(Bloomberg Opinion) -- Attempts to accelerate the shakeup of German banking haven’t had much success in the past year. First, talks to combine two state-owned regional lenders fell apart; then Deutsche Bank AG and Commerzbank AG tried but (for good reason) were unable to find a way to make a merger work. Now a third combination is on the table.This time too, any real excitement about needed consolidation in a deeply fragmented market is premature. Putting together a regional, public-sector bank, Helaba, with an asset management business, DekaBank, is but a baby step toward the industry’s restructuring. Plus political goodwill appears to be lacking still for the transformational, and expensive, adjustments needed to revive the companies’ profitability.State-backed lenders control about 25% of the nation’s banking assets and cooperative banks another 10%, creating fierce, low-margin competitors to the third pillar of German banking: private commercial lenders such as Deutsche Bank and Commerzbank. Earning a decent return has become difficult for everybody.A year ago, Germany’s state-backed lenders considered an ambitious plan to reorganize one part of the country’s public-sector finance sector: the Landesbanken, whose business models were shown to be deeply flawed by the financial crisis. Landesbanken invest money for local savings banks (or Sparkassen) and have ventured out internationally and taken on more risk. Weakened by losses on everything from toxic asset-backed securities to shipping loans, they’ve received several bailouts since the crisis.Indeed it was a capital shortfall at one Landesbank, NordLB, that encouraged discussions last year to combine it with another, Helaba. Coming just after the first Landesbank privatization, of HSH Nordbank, the deal would have marked an important step in rationalizing these institutions. Ultimately, having one Landesbank catering to the nation’s 380 or so savings banks — rather than half a dozen — is probably sufficient.Yet the NordLB plan needed the backing of the two federal states that control the lender, and local governments haven’t exactly been jumping at the chance to loosen their grip. Private buyers also walked away from a bid for NorldLB.It’s no suprise then that the latest attempt at a big German merger goes in a different direction. Helaba is largely controlled by the savings banks rather than directly by local government and Deka is the asset management unit of the savings banks, making a combination easier to achieve (or at least that’s the hope). Having a new, bigger entity with about 260 billion ($286 billion) euros of assets might even attract other Landesbanken to join the club.Still, this all still leaves the future of the ailing NordLB in the hands of the states of Lower Saxony and Saxony-Anhalt. Worse, the states are about to give it more cash in a rescue that could further distort competition, a violation of European Union state aid rules.As things stand, the states will inject 1.7 billion euros into NordLB, with another 1.14 billion euros coming from the German Savings Bank Association (DSGV) and publicly owned savings banks. To stop it breaching state aid rules, the recapitalization must pass a so-called private investor test: The overhauled business needs to look like something a normal investor would back.In fairness, the plan is ambitious. NordLB anticipates shrinking its balance sheet from about 150 billion euros to 95 billion euros, refocusing on its regional business and ultimately cutting its cost to income ratio below 50% by 2024. By European standards that would be an extremely efficient bank. The EU average cost-income ratio is closer to 70%.The European Commission is still reviewing whether the plan adds up to state aid. It’s a tricky question; Brussels not letting the state entities salvage their own investment might be seen as discriminatory.But if the greater good of German lending is the motivation, namely pruning an over-banked sector, you have to ask whether it makes sense to keep NordLB afloat at all costs. Berlin has taken a dim view when Italy has done similar with its lenders. A Helaba merger with Deka would be little consolation.To contact the author of this story: Elisa Martinuzzi at firstname.lastname@example.orgTo contact the editor responsible for this story: James Boxell at email@example.comThis column does not necessarily reflect the opinion of the editorial board or Bloomberg LP and its owners.Elisa Martinuzzi is a Bloomberg Opinion columnist covering finance. She is a former managing editor for European finance at Bloomberg News.For more articles like this, please visit us at bloomberg.com/opinion©2019 Bloomberg L.P.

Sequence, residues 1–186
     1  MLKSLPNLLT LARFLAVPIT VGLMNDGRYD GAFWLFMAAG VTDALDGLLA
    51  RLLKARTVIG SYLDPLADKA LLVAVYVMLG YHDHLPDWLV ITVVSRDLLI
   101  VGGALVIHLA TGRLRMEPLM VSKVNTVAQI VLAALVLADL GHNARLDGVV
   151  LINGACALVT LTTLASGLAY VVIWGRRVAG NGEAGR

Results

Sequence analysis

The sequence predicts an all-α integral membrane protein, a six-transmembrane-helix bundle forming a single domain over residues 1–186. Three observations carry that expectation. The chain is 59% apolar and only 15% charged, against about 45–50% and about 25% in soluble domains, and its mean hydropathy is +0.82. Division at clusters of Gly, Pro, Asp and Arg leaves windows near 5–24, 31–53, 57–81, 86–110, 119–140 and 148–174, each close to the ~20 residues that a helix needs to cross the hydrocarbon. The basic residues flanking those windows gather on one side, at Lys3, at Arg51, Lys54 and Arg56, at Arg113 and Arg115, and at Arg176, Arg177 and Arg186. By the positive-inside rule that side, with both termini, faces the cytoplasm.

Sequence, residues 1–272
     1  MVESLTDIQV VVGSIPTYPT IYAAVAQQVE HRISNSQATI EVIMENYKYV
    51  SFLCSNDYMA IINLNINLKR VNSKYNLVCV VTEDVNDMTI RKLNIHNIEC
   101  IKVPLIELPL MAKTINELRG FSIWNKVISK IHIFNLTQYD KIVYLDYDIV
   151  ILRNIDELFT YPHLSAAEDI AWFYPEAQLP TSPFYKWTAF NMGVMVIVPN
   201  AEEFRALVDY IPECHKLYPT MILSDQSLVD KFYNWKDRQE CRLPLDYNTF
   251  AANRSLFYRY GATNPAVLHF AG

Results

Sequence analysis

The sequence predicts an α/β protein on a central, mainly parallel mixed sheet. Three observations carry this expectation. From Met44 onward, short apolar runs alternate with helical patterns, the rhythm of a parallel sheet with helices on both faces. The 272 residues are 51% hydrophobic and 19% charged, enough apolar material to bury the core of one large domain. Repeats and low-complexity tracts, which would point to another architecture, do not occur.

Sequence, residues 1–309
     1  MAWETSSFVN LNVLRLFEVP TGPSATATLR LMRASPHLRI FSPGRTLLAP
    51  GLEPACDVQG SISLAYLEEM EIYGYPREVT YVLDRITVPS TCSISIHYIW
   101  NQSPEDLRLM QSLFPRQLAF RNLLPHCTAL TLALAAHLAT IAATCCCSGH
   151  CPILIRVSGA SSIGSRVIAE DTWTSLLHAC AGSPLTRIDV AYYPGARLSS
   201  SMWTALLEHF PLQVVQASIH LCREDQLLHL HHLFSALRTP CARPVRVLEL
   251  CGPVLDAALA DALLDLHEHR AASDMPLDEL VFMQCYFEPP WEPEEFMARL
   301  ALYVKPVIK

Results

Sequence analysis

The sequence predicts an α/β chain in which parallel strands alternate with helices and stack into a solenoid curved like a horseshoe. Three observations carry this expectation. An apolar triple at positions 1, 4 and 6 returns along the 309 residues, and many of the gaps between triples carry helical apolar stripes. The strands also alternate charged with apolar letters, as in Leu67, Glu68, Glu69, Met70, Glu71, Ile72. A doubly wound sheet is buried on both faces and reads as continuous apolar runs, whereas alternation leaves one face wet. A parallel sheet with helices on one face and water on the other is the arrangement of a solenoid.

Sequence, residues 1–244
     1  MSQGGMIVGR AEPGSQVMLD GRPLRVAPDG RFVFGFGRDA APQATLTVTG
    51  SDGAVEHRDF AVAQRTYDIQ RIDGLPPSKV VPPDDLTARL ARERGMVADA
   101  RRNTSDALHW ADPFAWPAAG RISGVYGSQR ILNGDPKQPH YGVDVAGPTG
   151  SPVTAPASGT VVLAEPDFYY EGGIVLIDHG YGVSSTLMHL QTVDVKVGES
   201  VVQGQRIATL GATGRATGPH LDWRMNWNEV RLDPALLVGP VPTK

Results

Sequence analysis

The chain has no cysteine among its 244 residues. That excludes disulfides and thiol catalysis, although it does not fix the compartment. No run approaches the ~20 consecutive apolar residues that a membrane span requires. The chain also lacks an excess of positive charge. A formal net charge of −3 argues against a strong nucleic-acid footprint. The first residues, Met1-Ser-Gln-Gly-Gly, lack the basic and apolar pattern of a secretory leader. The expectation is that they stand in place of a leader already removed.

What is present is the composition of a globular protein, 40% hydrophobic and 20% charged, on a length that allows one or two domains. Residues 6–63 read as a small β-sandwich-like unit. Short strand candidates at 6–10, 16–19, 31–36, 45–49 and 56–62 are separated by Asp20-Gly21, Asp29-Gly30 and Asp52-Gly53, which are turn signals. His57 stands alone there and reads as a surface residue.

European regulators are leaning towards rejecting Jürg Zeltner as a member of Deutsche Bank’s supervisory board on conflict of interest concerns, unless he resigns as chief executive of Qatari-backed European ...